JERUSALEM (Oct. 30)
Defense Minister Moshe Dayan revealed in the Knesset today that an exchange of wounded prisoners of war with Egypt is already under way. But that is only the first of four demands concerning POWs that Israel has presented to Egypt, Dayan said. The other three, so far not implemented, are for full lists of names of POWs, permission for Red Cross representatives to visit’ Israeli POWs in Egyptian hands and a full POW exchange. Dayan said that about 320 Israeli soldiers were missing on the Egyptian front and presumably were taken prisoner. Egypt so far has submitted 82 names which Dayan said he believed included about 60 wounded soldiers. He said that there has been no response whatsoever by Syria on POWs despite appeals from the International Red Cross. He said 120 Israelis are missing on the northern front and may be in Syrian hands. Two Israeli prisoners are held by Lebanon.
Dayan addressed the Knesset in the course of a debate called by the Likud opposition on the POW question which has become a major political issue in Israel. The Defense Minister said he welcomed Likud’s call for a debate. About 300 relatives of missing soldiers demonstrated outside the Knesset today against the government’s agreement to permit convoys of food and water to the encircled Egyptian Third Army before Egypt agrees to a POW exchange. A delegation of protestors was received by Knesset members. Meanwhile, new complaints of cease-fire violations by Egypt were lodged by Israel with the UN observers corps. Israel charged that Egyptian forces fired three ground-to-air missiles at Israeli aircraft on a reconnaissance flight over the Gidi area of Sinai. Two bazooka rockets ready for launching were found near Nahal Golan on the Golan Heights this morning and dismantled.
Dayan said the exchange of wounded POWs included Israelis captured by Egypt before the Aug. 1970 cease-fire. One of them, Lt. Dan Avidan, imprisoned in Egypt for four years, is already home, Dayan reported. He mentioned 75 wounded Egyptians, some of them POWs in Israeli hospitals and others in the Third Army, who will be repatriated. He said Arab behavior toward the POWs was criminal, but contended that the POW issue must be seen in the context of the whole war which is not yet over. He noted that Likud leader Menachem Beigin had quoted soldiers at the front who were embittered over the feeding of the Egyptian Third Army. “What the soldiers did not know, but what Mr. Beigin did know, was that the shells they fired today were not in Israel one week ago,” Dayan said in a reference to the U.S. resupply operation. Israel did not feed the Third Army out of humanitarian reasons “but because we had no choice,” he said.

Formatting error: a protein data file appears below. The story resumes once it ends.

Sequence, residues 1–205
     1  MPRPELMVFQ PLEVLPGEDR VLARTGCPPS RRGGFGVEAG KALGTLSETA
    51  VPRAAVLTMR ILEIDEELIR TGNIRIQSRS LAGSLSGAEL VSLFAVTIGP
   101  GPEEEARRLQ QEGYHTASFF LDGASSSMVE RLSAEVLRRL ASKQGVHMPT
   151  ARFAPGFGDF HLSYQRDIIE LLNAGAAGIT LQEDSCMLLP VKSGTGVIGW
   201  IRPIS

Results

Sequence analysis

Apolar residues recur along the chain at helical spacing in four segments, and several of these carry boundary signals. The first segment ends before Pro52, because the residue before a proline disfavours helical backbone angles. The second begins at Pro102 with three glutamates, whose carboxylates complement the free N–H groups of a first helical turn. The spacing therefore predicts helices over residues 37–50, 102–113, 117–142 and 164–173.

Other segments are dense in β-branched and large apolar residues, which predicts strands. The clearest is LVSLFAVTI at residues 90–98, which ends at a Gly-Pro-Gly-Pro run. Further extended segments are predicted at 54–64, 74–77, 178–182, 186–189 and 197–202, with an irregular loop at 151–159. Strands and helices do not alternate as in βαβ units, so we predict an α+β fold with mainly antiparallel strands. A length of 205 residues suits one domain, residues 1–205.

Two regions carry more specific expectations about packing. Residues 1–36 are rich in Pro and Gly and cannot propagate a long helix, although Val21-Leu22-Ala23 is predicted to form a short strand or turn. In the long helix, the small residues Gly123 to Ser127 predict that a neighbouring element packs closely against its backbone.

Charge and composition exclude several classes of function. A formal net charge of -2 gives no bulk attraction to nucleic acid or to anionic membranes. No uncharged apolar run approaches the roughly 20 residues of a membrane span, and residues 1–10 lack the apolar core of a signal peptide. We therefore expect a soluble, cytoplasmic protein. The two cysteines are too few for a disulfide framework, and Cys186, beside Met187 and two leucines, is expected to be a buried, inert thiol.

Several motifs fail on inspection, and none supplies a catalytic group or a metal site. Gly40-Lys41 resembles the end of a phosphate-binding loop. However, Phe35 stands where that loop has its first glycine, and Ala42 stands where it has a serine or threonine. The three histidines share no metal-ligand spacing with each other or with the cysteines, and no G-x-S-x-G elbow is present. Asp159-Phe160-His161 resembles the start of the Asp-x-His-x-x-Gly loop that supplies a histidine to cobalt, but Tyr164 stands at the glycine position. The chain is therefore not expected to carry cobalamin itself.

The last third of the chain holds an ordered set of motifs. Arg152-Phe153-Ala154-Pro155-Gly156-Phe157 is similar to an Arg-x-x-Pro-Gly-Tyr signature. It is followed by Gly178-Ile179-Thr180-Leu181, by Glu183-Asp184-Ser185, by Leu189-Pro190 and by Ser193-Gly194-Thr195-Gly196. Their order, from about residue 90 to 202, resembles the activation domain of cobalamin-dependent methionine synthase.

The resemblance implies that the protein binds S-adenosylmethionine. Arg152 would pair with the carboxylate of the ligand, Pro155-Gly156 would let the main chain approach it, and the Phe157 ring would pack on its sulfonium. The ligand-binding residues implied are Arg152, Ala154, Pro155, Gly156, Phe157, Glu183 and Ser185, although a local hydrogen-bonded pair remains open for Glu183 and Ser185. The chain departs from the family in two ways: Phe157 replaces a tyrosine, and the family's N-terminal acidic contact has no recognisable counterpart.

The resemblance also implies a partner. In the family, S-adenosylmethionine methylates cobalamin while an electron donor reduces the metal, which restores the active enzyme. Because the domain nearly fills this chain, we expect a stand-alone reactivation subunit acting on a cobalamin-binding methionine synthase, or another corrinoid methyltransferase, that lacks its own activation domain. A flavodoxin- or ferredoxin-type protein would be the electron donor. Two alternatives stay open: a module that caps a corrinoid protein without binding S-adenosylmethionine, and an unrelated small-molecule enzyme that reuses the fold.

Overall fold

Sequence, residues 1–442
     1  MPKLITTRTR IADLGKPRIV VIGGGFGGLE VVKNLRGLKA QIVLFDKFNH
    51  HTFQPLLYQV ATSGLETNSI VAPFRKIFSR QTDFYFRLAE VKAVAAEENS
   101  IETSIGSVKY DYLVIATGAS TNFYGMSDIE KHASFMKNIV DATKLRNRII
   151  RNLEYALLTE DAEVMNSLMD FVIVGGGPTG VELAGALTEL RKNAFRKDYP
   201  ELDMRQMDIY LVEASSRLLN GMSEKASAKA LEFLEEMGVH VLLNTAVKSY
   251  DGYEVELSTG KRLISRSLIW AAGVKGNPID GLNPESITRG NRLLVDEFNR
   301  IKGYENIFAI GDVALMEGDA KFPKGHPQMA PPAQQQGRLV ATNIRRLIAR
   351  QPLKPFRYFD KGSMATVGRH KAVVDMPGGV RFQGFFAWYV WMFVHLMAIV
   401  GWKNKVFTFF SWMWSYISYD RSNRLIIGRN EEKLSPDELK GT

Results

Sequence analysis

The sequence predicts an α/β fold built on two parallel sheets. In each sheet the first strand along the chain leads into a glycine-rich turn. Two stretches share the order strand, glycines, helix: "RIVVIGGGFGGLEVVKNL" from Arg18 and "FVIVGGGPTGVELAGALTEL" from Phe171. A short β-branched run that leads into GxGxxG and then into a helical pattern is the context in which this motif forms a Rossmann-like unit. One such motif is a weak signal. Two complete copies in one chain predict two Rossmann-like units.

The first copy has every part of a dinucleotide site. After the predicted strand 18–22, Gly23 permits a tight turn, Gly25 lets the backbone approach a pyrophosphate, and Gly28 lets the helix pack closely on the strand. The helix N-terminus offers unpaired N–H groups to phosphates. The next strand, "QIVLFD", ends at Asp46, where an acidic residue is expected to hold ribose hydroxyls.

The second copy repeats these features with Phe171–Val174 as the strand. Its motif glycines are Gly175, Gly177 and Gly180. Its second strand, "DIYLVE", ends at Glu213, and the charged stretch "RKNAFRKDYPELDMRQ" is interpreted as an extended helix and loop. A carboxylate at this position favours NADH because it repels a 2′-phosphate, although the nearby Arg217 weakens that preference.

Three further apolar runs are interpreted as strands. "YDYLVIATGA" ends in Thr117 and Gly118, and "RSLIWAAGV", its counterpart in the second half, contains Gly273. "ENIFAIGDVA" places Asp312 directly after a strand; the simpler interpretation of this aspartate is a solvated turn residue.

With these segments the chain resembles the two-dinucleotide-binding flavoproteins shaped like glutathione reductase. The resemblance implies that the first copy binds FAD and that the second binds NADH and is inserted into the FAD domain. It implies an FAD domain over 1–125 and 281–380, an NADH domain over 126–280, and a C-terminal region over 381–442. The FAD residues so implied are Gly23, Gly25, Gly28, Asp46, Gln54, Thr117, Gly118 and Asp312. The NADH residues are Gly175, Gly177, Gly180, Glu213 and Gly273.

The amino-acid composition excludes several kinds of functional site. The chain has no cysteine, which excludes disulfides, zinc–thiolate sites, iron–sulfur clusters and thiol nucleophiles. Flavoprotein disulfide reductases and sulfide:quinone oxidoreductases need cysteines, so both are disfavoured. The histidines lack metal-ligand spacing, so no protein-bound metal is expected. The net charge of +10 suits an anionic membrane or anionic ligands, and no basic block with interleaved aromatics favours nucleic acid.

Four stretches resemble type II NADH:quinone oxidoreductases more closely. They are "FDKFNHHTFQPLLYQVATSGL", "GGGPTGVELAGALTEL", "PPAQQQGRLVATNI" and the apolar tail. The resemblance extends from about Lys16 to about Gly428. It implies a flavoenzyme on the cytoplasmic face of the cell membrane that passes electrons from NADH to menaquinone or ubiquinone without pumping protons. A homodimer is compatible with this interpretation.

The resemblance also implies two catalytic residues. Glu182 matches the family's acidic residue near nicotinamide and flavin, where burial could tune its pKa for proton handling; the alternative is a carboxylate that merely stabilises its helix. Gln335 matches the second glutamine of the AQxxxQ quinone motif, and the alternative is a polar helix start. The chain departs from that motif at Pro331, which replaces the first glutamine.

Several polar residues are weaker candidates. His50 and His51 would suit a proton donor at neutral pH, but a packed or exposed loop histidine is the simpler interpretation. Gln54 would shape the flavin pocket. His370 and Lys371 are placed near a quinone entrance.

The Defense Minister told the Knesset that Israel could have faced Egypt and Syria backed by the entire Arab world, but not backed by Moscow to the extent they had been. “This (Soviet) aid reached such dimensions that Israel alone could not stand against them (the Arab countries), and to counter this great assistance to the Arab countries there is only one power ready to help us, the United States,” Dayan said. “Whoever suggests that we conduct a war while having a break with the United States suggests that we conduct a war without the capability to win,” he added.
Beigin retorted that no one was making such suggestions. He said that Israel had a right to demand a speedy POW exchange “and we all know from the experience of Israeli POWs in Arab captivity just how important speed is.” He challenged Dayan to explain why Israel agreed to feed the Third Army and demanded assurances that there would be no further action of this kind in the future until all POWs were exchanged. Shmuel Tamir of the Likud (Free Center) backed Beigin and assailed Premier Meir. “She promised that the war would not end until the enemy was crushed, but that has not happened,” Tamir said. “She promised there would be no cease-fire unless the Bab el Mandab straits are reopened, but they are still shut. She promised to link the plight of the Third Army with Israeli POW demands, but she gave way there, too. The tragic truth is that Israel has ceased to play a role in events. It is being forced to do things.”